We undervalue these people at our peril. Nonprofit executive directors are burning out and leaving the sector in alarming numbers. Meanwhile, emerging leaders are thinking twice about stepping into the breach. This is a great shame when we consider the extraordinary vision and values that drew these talented people into our sector in the first place.

So what are some solutions?

According to Muhammad Yunus, Nobel Peace prize winner, the solution is a social business that can create a world without poverty. You can read more below:

What are your thoughts? Please leave a comment below

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  • Sounds interesting.Today its the 12th my rent is unpaid ,why ,coz i am leading a not-for-profit!It i was working for a for-profit i would not be in this!

    And the thoughts of living are always hovering above me ,only that i love what i do

  • Sheila Sky

    The view from the trenches in Canada is little different and there is a very high rate of "defection" to the business world by leaders and administrators who have transferable skills. This is especially so in the arts world -- where earnings are roughly half of the rest of the non-profit sector (which are roughly half of the standard wage). The choice to become a non-profit leader means that you must accept the reality that you will make only 25% of someone with comparable skills. Arts Councils are rightly developing some serious concerns about succession and sustainability.

  • Pete

    Brice, this is a great report. We used the Ready to Serve report to launch our local YNPN organization. I found the results fascinating and, at the same time, alarming. There's no better time, than now, to embrace this issue.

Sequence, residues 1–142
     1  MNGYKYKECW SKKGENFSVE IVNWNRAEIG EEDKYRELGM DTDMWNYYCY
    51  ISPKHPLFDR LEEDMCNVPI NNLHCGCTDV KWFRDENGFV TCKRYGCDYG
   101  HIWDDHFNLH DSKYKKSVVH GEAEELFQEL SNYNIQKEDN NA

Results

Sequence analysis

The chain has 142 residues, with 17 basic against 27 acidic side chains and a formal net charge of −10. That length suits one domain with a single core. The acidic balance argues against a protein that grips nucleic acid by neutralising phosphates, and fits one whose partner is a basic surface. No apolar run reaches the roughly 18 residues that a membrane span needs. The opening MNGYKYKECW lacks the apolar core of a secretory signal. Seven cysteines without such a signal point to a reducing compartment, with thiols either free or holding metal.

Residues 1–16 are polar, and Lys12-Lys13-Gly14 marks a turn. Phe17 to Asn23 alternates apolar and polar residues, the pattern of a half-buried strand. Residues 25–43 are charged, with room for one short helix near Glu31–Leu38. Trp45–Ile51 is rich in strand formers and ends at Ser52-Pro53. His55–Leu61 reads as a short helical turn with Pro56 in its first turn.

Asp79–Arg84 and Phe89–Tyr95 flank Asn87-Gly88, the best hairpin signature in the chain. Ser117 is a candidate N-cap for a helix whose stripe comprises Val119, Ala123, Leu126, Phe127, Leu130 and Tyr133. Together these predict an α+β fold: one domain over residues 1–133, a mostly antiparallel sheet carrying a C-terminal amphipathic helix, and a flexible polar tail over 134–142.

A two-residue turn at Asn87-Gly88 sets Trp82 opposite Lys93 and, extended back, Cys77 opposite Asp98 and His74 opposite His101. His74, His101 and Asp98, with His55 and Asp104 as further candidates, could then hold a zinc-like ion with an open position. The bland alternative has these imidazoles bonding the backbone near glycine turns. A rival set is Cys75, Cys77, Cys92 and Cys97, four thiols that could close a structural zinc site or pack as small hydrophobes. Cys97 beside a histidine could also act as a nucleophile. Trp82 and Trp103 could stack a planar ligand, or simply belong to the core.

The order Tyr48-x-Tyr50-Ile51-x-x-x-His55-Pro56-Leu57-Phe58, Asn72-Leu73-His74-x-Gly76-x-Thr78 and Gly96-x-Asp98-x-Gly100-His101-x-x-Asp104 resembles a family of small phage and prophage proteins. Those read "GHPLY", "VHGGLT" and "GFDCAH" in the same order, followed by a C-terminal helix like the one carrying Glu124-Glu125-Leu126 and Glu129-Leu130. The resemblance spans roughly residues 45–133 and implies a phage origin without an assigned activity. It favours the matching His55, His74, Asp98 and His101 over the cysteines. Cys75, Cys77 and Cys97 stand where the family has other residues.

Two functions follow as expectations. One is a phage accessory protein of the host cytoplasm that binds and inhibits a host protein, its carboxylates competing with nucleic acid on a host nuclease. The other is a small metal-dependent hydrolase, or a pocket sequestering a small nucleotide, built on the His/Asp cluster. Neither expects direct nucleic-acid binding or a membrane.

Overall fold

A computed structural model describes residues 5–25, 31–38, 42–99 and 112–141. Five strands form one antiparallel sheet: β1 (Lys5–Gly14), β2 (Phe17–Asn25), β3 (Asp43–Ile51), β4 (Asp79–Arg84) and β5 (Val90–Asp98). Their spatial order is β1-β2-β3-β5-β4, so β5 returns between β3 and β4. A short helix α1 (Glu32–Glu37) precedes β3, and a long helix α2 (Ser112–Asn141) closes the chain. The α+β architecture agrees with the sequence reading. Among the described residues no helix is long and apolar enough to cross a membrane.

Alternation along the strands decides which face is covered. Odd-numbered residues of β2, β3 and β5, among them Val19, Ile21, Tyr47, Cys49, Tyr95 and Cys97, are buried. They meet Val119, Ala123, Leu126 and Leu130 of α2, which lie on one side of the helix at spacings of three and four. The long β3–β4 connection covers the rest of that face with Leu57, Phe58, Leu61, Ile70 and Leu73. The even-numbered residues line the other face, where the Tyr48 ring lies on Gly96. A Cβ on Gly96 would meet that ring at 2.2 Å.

Great work.


  • Thanks for shedding light on this existing problem.I raise funds for non profits on a daily basis in the USA and for this exact reason a group of former Professional Athletes created a company called Shop To Fundraise.We need to think outside the box as there is great potential to help without giving extra cash or volunteer hours as they're already stretched thin.Let me know if I can help anyone in the USA.

  • I agree with the report. I saw an earlier version on Compass Point a year ago. What I don't see is a collective effort by non profit leaders to educate donors so these conditions might change. I think that's because leaders are so focused on their own survival and self interest.

    In the end billions of dollars get spent in the charity sector, but it does not add up to long-term benefit because of the weakness in the human capital side.